Start of in-person elementary school learning postponed

Andrew Dong

DCPS pushed the in-person return date for elementary schools to February 1 following a teacher “mental health day,” on November 2. 

On November 2, DCPS Chancellor Lewis Ferebee sent an email to the DCPS community announcing that all students enrolled in DCPS would start Term 2 on November 9 online, contrary to plans released on October 5 marking Term 2 as the return to elementary in-person date.  

Canvas Academics and Real Engagement (CARE) classes are to be available at 35 elementary schools on November 18. These classes will contain 600 plus students total in the first phase participating in virtual classes while being supervised by a “DCPS elementary school staff or an employee of a trusted school partner,” Ferebee said.

As for families who had already accepted a spot in the in-person instruction classrooms for Term 2, Ferebee assured that “[They] will have the option to join a CARE Classroom first,” and that DCPS ”will outreach to additional families with seat offers [and] be in contact with families directly on next steps.”

“We commit to supporting our students, families, teachers, and staff in our urgent mission to safely reopen schools. We have heard feedback from many in our community about ReopenStrong plans, and we will use this moment to adjust our timeline and staffing plans for reopening,” Ferebee states within the email.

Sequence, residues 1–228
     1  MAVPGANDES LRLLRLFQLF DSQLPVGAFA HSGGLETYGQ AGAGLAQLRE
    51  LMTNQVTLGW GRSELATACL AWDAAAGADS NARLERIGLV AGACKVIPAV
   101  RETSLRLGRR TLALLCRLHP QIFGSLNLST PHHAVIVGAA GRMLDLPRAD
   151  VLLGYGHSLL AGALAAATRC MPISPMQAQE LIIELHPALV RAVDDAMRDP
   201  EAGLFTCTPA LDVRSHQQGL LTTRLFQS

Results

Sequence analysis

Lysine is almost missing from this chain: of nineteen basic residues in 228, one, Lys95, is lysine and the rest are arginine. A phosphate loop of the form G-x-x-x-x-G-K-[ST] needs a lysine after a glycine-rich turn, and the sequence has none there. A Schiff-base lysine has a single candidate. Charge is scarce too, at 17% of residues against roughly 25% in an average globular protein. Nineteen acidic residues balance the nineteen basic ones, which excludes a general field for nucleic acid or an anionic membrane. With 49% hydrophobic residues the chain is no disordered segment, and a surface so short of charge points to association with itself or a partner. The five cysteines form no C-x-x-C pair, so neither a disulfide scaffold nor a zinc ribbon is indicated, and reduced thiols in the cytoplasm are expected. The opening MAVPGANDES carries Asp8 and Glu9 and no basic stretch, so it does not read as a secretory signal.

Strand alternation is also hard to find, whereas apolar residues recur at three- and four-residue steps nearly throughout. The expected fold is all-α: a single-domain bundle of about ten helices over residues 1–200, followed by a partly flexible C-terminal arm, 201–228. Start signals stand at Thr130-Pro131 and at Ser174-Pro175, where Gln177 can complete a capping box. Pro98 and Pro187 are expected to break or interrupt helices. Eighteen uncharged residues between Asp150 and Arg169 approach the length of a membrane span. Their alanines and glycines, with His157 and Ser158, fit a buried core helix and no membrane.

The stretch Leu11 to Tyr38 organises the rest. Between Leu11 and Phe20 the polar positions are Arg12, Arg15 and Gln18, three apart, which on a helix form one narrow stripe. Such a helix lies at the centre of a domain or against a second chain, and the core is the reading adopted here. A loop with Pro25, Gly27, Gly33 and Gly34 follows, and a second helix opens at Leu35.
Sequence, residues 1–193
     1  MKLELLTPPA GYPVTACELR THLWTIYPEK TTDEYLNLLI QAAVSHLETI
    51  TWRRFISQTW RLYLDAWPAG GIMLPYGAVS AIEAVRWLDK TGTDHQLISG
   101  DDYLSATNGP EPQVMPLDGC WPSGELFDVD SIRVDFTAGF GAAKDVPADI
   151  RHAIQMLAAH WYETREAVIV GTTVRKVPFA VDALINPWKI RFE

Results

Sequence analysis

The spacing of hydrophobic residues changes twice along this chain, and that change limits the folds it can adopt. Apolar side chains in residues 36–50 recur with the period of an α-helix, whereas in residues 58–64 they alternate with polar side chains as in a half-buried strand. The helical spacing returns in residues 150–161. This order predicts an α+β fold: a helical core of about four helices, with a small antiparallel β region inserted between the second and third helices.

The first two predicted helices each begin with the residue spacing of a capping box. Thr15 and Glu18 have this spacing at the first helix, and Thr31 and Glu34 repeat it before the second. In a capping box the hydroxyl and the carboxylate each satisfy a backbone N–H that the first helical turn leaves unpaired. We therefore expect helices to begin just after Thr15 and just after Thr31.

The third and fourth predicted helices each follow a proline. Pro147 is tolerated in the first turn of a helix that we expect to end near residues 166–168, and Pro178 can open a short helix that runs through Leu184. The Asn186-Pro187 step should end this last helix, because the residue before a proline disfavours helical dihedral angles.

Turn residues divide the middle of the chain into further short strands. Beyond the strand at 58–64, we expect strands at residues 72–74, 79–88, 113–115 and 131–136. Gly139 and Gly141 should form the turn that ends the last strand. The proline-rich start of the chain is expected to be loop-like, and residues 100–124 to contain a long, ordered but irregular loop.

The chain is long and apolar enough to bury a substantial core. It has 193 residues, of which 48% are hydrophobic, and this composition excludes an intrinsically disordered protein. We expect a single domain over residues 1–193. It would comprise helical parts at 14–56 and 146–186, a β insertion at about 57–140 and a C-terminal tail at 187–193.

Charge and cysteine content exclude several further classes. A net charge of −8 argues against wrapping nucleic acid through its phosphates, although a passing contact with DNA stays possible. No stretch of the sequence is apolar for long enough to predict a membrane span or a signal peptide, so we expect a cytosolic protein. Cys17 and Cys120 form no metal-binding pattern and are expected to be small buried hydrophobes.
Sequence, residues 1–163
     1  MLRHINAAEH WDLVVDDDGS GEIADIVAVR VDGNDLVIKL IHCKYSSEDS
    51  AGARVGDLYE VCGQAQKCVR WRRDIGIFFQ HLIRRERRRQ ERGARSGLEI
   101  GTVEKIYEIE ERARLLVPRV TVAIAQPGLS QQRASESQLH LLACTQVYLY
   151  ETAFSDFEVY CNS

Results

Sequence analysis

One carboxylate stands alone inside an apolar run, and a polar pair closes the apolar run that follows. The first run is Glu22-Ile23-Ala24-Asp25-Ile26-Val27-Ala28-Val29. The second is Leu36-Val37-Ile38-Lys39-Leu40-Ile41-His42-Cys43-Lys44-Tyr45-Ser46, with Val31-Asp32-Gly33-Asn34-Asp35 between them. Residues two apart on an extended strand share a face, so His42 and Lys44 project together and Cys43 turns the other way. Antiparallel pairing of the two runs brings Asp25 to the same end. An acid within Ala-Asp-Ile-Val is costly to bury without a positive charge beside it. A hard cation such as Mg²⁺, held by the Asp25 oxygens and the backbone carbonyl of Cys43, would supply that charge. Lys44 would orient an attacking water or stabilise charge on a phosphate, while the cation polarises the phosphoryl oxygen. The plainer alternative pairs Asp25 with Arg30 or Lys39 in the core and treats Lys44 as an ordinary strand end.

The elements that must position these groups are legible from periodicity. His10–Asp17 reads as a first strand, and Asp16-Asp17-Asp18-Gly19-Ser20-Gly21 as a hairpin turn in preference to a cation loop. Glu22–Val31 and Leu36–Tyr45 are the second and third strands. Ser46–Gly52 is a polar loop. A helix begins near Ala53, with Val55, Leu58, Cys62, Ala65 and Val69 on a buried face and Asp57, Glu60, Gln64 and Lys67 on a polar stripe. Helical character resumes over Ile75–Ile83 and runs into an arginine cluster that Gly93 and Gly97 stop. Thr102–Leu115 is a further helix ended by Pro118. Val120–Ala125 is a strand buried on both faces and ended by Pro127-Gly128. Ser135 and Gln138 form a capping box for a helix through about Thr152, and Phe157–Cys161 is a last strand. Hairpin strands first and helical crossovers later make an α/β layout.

Alycia Kantor, who is a mother of a 1st and 4th grader at Janney Elementary School, says that she would have “considered” sending her kids to school given the correct health and safety measures were in place but believes “pushing reopening to a later date was probably the right decision [because] DCPS did not seem ready to implement reopening safely in a way that would benefit the majority of students.” However, Kantor also mentioned she is fortunate to have a “job she can do remotely, although a lot less efficiently with kids running around,” while other families may not be as fortunate, having to split their time between taking care of their children and working. 

On October 5, DCPS announced via a virtual situational update that DCPS elementary schools would reopen at the start of term 2 in-person for one classroom per grade. The classes planned to have less than 11 students each, with the daily schedule following that of a school day. Special education classes were also planned to be in-person. 

An anonymous teacher at Bunker Hill Elementary school said they were “very excited” upon hearing the start date had been pushed back, and added they “don’t think we should come back until next year.” They have also heard that at least one DCPS CARE teacher has “contracted Covid from a kid.”  

Some of the feedback Ferebee mentioned includes outcry from the Washington Teacher’s Union (WTU) over the lack of communication between teachers and the DCPS central office. Teachers organized rallies and “mental health days” to show solidarity and oppose the reopening plans. The “mental health day,” November 2, was the same day Ferebee announced the changes, which was the cause for the reconsideration of the reopening dates and plans.